A Guide to Teaching About Hanukkah


Need resources to help teach your students about Hanukkah? Access an expert-created lesson and lesson plan below that can help students learn about the history and traditions of Hanukkah.

Teaching Students About Hanukkah

It's the time of year when students are hearing about several different holidays. Our experts have created resources that can support your lessons on Hanukkah.

A student attends an online class

Hanukkah Lesson for Kids: Facts & History

Festival of Lights

Imagine a holiday that lasts eight nights and is full of historic traditions, games, and delicious food. Hanukkah is the holiday that fits this description.

Hanukkah (also spelled Chanukah) is a religious holiday celebrated by Jewish (or Hebrew) people, or those who practice a religion called Judaism. Hanukkah lasts eight nights and is often called the Festival of Lights.

This holiday occurs on different dates each year, with Hanukkah starting anytime from the end of November to the end of December.

The History of Hanukkah

According to Jewish beliefs, a king named Antiochus the Fourth ruled a land called Syria thousands of years ago. As king, Antiochus declared that it was illegal for people to practice the Jewish religion. A Jewish priest named Mattityahu and his family rebelled against men in the king's army.

During the rebellion, Mattityahu was killed and a man named Judah the Strong became the leader of those fighting the king, known as the Maccabees. Even though the king's army was much larger, the Maccabees won the rebellion!

After winning the city of Jerusalem (an important city in the Jewish faith), the Maccabees wanted to restore their temple. To cleanse the temple of all the bad things that happened there, they wanted to light the menorah, a special holder for candles. But the king's army had stolen the temple's menorah so they had to make a new one.

When the new menorah was ready, the Maccabees found there was only enough oil to light the menorah for one night. According to Jewish tradition, a miracle happened and the menorah stayed lit for eight nights, just long enough for new oil to be made! Hanukkah celebrates this miracle.

Hanukkah Symbols

There are many symbols that represent the holiday of Hanukkah. Colors for the holiday are blue and white. Many of the presents exchanged during Hanukkah are wrapped in blue and white paper.

Hanukkah also has games, like the dreidel game. A dreidel is a top with four sides, on each of which is a different letter from the Hebrew alphabet. Depending on which side the dreidel lands on, you may collect or give away your game pieces - which are often chocolate coins!

The menorah is the most well-known symbol of Hanukkah and very important to the holiday. During Hanukkah, the menorah is lit every night after sundown. Each new candles is lit using the shamash, the attendant candle in the middle of the menorah. At each candle lighting, Jewish people offer blessings and prayers. Gifts are usually exchanged after the menorah is lit.

Students light a menorah

Hanukkah Lesson Plan


  • Prepare students for learning and engage with the topic by asking them to share their winter holiday tradition with a seat partner. After a few minutes, have students share as a class while you list on the board.
  • Tell students they will be learning about a holiday tradition called Hanukkah. Allow students to briefly share prior knowledge, then distribute or display the lesson Hanukkah Lesson for Kids: Facts & History.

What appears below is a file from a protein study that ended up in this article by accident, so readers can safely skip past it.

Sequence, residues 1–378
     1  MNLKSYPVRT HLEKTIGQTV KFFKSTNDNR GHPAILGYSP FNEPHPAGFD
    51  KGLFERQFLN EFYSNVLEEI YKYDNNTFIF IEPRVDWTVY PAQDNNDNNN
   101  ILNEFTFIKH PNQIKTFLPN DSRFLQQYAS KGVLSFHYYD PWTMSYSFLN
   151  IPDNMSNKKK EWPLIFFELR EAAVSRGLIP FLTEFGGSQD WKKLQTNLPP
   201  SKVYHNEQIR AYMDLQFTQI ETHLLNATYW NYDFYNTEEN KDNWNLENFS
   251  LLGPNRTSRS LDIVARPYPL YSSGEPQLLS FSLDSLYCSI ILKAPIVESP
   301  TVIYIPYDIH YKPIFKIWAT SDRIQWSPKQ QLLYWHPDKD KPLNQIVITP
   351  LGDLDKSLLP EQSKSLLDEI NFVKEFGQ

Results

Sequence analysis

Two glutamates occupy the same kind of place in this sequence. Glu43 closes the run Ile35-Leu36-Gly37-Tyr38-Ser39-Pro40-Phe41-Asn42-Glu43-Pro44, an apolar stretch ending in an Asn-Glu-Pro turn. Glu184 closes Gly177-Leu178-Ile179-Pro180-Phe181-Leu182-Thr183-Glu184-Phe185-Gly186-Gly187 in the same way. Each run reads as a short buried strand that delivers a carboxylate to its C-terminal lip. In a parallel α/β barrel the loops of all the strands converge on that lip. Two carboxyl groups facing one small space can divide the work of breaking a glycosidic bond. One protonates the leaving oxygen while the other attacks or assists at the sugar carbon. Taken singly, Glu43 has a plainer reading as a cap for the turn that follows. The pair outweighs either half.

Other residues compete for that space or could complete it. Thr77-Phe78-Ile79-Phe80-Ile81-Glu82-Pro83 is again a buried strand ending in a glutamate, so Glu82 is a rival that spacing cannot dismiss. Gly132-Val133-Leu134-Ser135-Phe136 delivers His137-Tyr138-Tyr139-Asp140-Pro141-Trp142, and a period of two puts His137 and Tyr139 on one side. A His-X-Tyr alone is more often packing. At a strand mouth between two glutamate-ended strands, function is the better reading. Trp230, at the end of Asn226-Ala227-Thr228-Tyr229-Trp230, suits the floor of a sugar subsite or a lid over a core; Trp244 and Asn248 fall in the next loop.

• Have students preview the text and prepare for comprehension by skimming the text for text features such as key words, photographs, captions, etc. Read and make predictions about what the text will be about, having students defend their thinking with reasons.
  • Place trays of 'Hanukkah Items' in the center of each table group. Instruct students to wait until you say to uncover.
  • Now read the section 'Festival of Lights' together with students. Discuss:
    • Who celebrates Hanukkah?
    • How long does Hanukkah last?
    • What is another name for Hanukkah?
  • Next read the section 'The History of Hanukkah' together. Have students turn and retell the history to a partner, then retell as a group. List in bullet-point fashion on the board or chart paper.
  • Read the next two sections, 'Traditional Food' and 'Hanukkah Symbols' with students. As you do, allow students to uncover the materials and take turns observing, playing with the dreidel, or tasting the food.
  • Next read the 'Lesson Summary' together and ask:
    • What does Hanukkah celebrate?
    • What does the menorah symbolize?
    • Why do people eat latkes and jelly doughnuts on Hanukkah?
  • Take the lesson quiz as a whole group to determine understanding.


  • Students will now create a brochure to demonstrate understanding of Hanukkah.
  • Instruct students to brainstorm facts to list on their brochures, using guiding 'w' questions.
  • When students have enough information, have them check in with you to make sure they're ready. If so, distribute paper and supplies and allow them to create.
  • As students work, walk around to offer suggestions and guide work. Consider creating a 'Hanukkah Word Bank' on the board to list frequently-used words.
  • When students are finished, display in the classroom.

Accessing More Holiday Teacher Resources

You can use these guides to help your students learn even more about winter holidays:

By Jessica Lyons
December 2020
teachers teacher resources

Never miss an update